Kevyn was sitting on the bed in a white terry cloth bathrobe reading a newspaper, the sheer curtains fluttering in the breeze of the open windows.
Harrison walked into the room wearing only lounging pants. He had a cup of fresh squeezed orange juice in each hand and gave one to Kevyn.
“Thank you. Here; read this one.”
“Let’s see. Page twelve of the Daily. ‘Team returns from wasteland’.” He sat on the bed next to her. “Wow, it seems so insignificant the way they put it.
“‘Damage by the natural elements of the Redlands, the military team sent there two weeks ago all returned home. They returned with survivor of the original team, Dr. Damus Fisher, as prisoner on suspicions of his hand in the deaths of the rest of the team. A small team with military and area experts remained in the Redlands to continue peaceable exploration and study. Assisting them in the last survivor, reporter Siverine Nicholson.’
“I thought Siverine was the area expert,” he said, sitting back against the headboard to sip the juice.
“Actually, I think the dogs are the area experts. It was Siverine’s idea to call them that.”
Harrison looked out the window. “Do you think they’re all okay out there?”
“I do. Oddly enough, I think they’ll be just fine.”
Siverine made a face and muttered some choice words. The antennae wouldn’t line up with the satellite. She reached around the metal bin that was her desk and adjusted it again.
She sat in the shade of a well constructed tent—Dallas would work on the permanent structure once he finished the well. If that ever happened. Lan was helping him, pulling up buckets of dirt and dumping them.
Duke was laying at Siverine’s feet as she started typing again, trying to get the antennae to connect. A large rodent looking creature peeked around the corner. Duke jerked up at its sent and was off, chasing the trespasser out of the camp.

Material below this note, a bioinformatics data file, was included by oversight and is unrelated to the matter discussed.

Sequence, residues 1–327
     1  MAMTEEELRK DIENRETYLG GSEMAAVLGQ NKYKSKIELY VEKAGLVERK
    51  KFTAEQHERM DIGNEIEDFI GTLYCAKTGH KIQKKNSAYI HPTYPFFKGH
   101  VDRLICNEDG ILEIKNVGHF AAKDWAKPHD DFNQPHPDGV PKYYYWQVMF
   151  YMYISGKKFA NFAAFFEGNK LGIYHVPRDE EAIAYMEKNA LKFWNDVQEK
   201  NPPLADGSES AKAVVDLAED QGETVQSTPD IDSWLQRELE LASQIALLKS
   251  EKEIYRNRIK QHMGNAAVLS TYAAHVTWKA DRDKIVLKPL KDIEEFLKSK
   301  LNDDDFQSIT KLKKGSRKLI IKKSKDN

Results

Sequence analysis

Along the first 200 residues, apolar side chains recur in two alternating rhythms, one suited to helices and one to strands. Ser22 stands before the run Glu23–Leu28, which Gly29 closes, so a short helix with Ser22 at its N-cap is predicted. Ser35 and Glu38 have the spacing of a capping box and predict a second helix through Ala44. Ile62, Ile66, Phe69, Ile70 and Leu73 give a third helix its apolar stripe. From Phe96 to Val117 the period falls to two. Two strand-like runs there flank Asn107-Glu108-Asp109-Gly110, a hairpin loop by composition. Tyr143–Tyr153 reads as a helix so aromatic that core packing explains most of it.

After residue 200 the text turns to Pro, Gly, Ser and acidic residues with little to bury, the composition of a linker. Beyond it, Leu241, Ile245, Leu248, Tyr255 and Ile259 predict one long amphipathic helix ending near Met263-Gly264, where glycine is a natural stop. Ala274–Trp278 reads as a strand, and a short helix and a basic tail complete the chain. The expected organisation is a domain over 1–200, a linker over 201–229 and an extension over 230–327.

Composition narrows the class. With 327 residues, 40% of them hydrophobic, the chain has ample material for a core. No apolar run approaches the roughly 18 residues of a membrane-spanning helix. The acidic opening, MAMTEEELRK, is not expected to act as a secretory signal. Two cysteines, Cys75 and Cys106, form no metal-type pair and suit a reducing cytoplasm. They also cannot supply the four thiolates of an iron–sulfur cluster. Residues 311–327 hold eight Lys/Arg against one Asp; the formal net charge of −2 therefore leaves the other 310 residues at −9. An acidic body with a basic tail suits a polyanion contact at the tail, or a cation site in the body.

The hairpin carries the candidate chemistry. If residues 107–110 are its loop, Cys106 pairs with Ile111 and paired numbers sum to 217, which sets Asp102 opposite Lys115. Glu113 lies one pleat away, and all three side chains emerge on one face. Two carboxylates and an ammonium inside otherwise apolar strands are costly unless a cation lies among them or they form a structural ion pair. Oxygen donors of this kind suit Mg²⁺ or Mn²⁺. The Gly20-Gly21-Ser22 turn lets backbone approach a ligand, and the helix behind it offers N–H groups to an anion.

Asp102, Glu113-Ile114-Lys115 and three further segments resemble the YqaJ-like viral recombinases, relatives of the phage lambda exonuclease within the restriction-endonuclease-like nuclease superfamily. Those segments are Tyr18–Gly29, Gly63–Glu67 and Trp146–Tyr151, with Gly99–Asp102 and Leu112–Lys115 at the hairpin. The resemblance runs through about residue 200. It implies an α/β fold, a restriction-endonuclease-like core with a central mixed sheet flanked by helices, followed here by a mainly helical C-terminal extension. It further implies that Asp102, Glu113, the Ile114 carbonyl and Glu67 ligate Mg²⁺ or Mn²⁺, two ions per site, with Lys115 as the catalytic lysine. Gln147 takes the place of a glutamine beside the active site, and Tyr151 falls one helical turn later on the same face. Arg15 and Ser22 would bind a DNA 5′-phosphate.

“Got it!” Siverine said as the equipment finally connected. While the computer uploaded some information, she shifted to write more in the notebook she had by the side of the computer.
“Siverine!! I hit water!” Kane exclaimed from the well. “Hurry.”
She was still a moment. Had she heard right? Uncertain, Siverine got up and walked toward the well. Duke came trotting back happily with the rodent—now dead—hanging from his mouth.
Siverine and the dogs looked over the side of the well as water leaked up to Kane’s ankles.
“I told you we’d hit water if we dug deep enough,” he said, sweating and dirty but grinning triumphantly.
Siverine shook her head. Was it really possible?
“I didn’t think the Bloodlands knew this kind of mercy,” she admitted.
Kane smiled at her and shrugged. “Maybe it just forgot. A lot bad people have corrupted—maybe it just needed someone to remind it what mercy was.”
Siverine slowly smiled back at him. “I guess you’re right.”
05-24-2007 12:41 AM
You know when an inexperienced runner starts on a distance run they go sprinting out of the gate and are exhausted by the end? I kinda feel like that. I feel as if I lost some of the momentum just because I couldn't keep the story coming out often and didn't have the time or energy to go into some of the other possible tangents. Still, thanks to everyone who has stuck with it this long to see the end. Hopefully now I can respond to other posts and comment on other's writings--I have read, just not had time to respond. And it doesn't look like my time will be freeing up any time soon. X__X
OK, if you even remember your critiques, let's have them!